2020 is a year that will live in infamy for many industries. We haven't even seen the full effect of Covid-19 on economies, which inserts a heap of uncertainty into decision making for manufacturers. But one thing is for sure: we're not going to get back to business as usual anytime soon.
The aerospace industry has been in a bit of tailspin and it's going to take a lot of shrewdness and gumption to pull up from this nosedive.
Michel Merluzeau, Director for Aerospace & Defense Market Analysis, Air Insight Research, said the pandemic has been the “most significant, most disruptive event for the entire industry.” Even noting the impact of 9/11 on air travel was nowhere near as catastrophic as the decline has been in 2020.
The choices manufacturing OEMs make has a significant impact on what happens to their suppliers and when major changes occur in an industry as large as aerospace, it reverberates throughout the supply chain.
So, what can manufacturers of aircraft do and what can they expect for the future?
There is a lot of hard earned doom and gloom in many industries at the end of 2020; but there are creative and resourceful ways that manufacturers can maintain a level of continuity and shift focus to innovations that will ensure they’re prepared to meet the moment when production rates rebound.
Taking this time to re-evaluate processes and optimize out inefficiencies that had crept in over the years is a great place to start. The manufacturers who make quality assurance their overriding priority will see how investments in zero-defect production during this transitional season will position them to be at the forefront of the recovery.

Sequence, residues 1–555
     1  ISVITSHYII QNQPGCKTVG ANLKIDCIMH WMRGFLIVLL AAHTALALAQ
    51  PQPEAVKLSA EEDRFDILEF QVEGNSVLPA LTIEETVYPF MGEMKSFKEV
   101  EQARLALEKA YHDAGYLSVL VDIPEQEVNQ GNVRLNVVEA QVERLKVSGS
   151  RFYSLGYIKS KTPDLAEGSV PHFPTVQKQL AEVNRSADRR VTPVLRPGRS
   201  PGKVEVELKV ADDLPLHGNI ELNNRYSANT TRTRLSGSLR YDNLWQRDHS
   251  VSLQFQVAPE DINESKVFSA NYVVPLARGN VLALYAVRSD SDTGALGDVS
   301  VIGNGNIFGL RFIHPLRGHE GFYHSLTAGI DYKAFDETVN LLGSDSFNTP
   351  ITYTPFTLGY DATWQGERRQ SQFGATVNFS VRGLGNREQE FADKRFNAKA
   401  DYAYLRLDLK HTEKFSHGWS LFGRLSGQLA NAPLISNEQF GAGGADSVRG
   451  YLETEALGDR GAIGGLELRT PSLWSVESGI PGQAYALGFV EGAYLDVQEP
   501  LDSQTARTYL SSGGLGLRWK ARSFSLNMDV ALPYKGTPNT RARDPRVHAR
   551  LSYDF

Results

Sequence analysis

The great idea to help save the aerospace industry is: For manufacturers to cut costs and remain resilient, they must employ surface quality management programs that offer high-resolution, data-rich, predictive analytics that can unwaveringly be trusted.
According to a recent report by S&P Global, the top five industries, world-wide, most harmed by the coronavirus pandemic are:
According to their analysis of the markets and likelihood of companies in these various industries to default, companies within the aerospace sector are the most at risk.
2019 wasn’t as strong as 2018 for commercial aviation but 2020 was ramping up to clear a lot of hurdles from the previous year.
But all of that changed once a deadly pandemic began making it unsafe to fly.
Governments all over the world began restricting travel and it became extremely difficult to know what activities put you more at risk of contracting the virus, therefore, endeavors that put you in close quarters with strangers was a bridge too far.
“When Covid hit in Q1, everyone stopped traveling on every type of airplane, everywhere.” said Emily Wittman, President & CEO of Aerospace Futures Alliance.
The amount of passengers hit their lowest point in April, dropping to 95% compared with a year earlier.
This steep decline in airline travel had major and immediate ramifications for manufacturers. Boeing, one of the world’s biggest aerospace OEMs, projects to produce 240 planes in 2020, just 30% of what they built in 2019. Projections from OEMs like Boeing were originally extremely healthy for large aircraft which set suppliers up for having their own lofty expectations.